I've not taken any other precautions such as fencing nor wire covers. Frankly I didn't want to bother with them. We have 3 dogs which I hope will deter all our animal neighbors from venturing into our garden. I've got my fingers crossed.
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May 24, 2011 Bush beans have sprouted at about 75% germination rate. The growth is slow which I will attribute to tons of rain and cool weather. Pole beans are planted. I created tepees out of bamboo poles from Lowes. Six poles for each tepee are tied at the top with garden twine. I planted 7 beans around each pole. I hope the tepees are sturdy enough for all those beans. I'll keep my fingers crossed!
May 17,2011 Another first timer in our garden, the beet leaves are happy and bushy. I want to pull one to see the progress but don't want to sacrifice one of these future sweet treasures. I've read that I will see their rosey shoulders when they are ready to harvest. The smaller beets are said to be more tender. Yes! I won't have to wait as long. My husband declared that he did not like beets until he tasted a roasted beet fresh from the farmers' market last year so he agreed to giving them a place in our garden. Hummm...another veggie that tastes totally different straight from the garden!
|1st beet planting|
|1st carrot crop|
May 24, 2011 The teeny tiny baby carrot is orange! More patience grasshopper.
May 24, 2011 Cucumbers are spouting but the weather has been raining every day and there are limited hot temps sooo the progress is slow.
Lettuce: May 17, 2011 How much lettuce can a family of two eat? A ton! Well...not literally. By planting three 1' x 1' squares, we have enjoyed some wonderful salads with almost zero work other than careful harvesting of outer leaves. We began with 3 varieties just to see what each were like. The Black Seeded Simpson and Mesclun produced the best with Salad Bowl having about 50% germination rate. The lettuce loves our uncharacteristically cool spring and continues to replace the leaves we've harvested. I've also planted some in the plot vacated by the earliest radishes. Those will be sheltered from sun by the Swiss chard. I can always bring out my protective covers if the sun gets too warm. I wonder how long I can stretch out this wonderful tender crop.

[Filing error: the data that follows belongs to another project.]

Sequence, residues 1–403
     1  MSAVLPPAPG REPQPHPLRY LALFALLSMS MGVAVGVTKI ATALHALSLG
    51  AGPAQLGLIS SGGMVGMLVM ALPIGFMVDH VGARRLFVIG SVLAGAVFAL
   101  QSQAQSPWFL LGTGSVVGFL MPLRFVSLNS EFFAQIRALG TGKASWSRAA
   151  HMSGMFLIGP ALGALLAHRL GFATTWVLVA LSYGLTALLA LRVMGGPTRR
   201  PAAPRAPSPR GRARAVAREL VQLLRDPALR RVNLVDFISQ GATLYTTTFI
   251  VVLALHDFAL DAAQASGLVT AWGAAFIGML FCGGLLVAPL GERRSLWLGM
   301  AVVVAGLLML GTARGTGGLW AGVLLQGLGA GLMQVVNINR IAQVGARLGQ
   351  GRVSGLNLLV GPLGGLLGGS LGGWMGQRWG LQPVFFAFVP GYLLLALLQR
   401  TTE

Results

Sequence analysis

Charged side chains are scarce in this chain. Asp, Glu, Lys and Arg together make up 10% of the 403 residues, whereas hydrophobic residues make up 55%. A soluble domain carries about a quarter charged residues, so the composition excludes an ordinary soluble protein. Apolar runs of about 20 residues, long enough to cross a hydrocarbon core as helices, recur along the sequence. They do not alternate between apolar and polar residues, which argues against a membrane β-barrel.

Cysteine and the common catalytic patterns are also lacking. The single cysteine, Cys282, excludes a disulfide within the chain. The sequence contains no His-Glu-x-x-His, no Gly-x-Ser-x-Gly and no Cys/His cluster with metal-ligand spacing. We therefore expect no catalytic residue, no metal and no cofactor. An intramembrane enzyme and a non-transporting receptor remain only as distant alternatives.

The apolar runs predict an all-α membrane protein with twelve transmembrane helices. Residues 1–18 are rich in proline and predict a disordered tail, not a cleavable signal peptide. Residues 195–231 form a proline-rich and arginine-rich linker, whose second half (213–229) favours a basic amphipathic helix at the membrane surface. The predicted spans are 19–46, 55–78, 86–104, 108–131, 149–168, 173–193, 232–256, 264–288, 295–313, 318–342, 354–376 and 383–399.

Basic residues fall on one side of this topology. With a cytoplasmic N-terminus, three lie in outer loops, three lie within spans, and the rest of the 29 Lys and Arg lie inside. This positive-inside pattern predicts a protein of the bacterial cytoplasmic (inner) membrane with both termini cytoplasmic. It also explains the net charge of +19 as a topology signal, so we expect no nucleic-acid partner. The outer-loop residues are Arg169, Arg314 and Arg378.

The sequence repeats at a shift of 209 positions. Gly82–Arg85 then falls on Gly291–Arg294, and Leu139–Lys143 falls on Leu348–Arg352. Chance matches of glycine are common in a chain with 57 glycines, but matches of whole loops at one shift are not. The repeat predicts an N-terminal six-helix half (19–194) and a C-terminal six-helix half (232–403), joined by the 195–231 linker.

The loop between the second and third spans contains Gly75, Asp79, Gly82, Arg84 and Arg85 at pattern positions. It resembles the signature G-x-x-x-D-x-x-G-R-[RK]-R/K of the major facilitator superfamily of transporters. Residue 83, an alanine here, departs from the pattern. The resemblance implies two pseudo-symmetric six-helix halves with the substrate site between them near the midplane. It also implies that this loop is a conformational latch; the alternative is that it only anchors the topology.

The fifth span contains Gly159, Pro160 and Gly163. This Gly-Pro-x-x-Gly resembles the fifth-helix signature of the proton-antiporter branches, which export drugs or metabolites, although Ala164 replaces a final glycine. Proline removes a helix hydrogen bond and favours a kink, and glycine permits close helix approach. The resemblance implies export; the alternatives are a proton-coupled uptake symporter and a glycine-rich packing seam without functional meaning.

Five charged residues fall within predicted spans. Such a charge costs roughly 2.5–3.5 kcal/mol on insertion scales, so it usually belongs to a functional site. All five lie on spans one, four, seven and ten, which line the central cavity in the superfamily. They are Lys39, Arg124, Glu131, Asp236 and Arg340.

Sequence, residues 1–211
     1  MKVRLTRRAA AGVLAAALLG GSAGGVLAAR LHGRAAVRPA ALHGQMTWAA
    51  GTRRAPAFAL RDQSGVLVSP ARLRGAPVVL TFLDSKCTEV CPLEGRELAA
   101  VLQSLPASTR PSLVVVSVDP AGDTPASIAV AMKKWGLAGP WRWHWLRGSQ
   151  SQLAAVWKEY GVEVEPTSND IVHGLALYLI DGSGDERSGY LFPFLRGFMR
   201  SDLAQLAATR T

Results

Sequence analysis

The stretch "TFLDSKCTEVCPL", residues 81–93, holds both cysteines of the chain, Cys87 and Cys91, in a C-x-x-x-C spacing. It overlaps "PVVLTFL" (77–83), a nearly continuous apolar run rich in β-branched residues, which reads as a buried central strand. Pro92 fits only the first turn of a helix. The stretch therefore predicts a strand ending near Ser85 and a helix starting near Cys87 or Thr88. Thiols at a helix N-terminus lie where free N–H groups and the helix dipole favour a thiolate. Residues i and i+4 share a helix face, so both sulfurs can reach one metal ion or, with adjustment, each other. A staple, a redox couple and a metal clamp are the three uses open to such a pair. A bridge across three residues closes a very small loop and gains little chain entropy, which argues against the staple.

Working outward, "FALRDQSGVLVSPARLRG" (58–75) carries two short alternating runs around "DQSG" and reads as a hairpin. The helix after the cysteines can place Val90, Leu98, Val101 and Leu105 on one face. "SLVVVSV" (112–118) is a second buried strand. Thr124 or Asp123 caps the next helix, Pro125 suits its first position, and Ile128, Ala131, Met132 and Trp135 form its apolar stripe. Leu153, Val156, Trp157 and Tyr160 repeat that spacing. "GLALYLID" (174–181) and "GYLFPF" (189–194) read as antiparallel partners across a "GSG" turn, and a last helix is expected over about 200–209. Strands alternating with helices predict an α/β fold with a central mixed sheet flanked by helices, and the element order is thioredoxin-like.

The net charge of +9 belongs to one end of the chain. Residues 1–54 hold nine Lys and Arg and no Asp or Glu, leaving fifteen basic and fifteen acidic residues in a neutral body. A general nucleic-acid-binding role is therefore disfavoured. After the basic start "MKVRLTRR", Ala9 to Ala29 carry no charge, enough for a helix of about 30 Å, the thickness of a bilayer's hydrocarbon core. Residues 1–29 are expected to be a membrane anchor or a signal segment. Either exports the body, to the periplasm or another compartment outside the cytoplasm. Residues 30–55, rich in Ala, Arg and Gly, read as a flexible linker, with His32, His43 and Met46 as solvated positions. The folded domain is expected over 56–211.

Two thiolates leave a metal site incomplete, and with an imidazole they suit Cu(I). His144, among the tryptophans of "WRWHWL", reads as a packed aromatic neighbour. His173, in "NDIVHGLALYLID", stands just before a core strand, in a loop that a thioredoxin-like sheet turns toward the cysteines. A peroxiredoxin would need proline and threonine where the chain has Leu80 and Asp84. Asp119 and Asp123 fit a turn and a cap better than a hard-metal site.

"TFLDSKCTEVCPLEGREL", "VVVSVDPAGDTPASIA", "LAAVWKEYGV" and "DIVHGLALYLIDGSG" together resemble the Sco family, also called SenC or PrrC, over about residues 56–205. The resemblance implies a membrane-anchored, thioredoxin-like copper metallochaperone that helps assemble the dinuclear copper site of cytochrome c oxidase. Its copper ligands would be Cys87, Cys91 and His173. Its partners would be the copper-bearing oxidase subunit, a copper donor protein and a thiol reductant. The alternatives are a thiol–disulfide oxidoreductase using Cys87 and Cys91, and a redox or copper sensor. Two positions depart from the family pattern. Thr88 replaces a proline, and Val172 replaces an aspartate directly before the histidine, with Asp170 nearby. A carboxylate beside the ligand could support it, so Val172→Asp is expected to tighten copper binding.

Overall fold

|Lettuce in the shade of broccoli|
Onions: May 17, 2011 Onions are tall and green with long straight necks. We've enjoyed several tender green onions but will save the majority for regular bulbed onions later in the season. A few are bolting and developing seed heads on top. There is nothing to be done once this has started except to enjoy the onion in it's smaller form. Onions that are exposed to fluctuating hot and cold temps may be triggered to send up flower/seed stalks. We have had temps bouncing between 40 and 80 so it is no wonder my onions are confused. Hopefully some will survive to the season's end.
May 24, 2011 Almost all onions have bolted. I'll be flash freezing some for use in soups and other cooked dishes. I can't stand to see them go to waste.
May 24, 2011 Still harvesting
May 24, 2011 Still harvesting from the remaining plants. I will be freezing the excess.
The bad thing I did differently was not to stake or cage my tomatoes at the time they were planted. I know better but they looked so pretty and neat without any supports. I decided to stake the largest and try cages for the smaller plants. I've not used cages before so we will see which work better for me.
The new technique whose success has yet to be determined is to plant in a container on my deck surrounded by basil, dill and chives. I know this plant will require more water but the convenience of having it beside the kitchen door may outweigh the watering duties.
May 24, 2011 Plants are growing and growing! Note: Tomatoes take more than one square foot in a square foot garden. This year is going to be mighty crowded.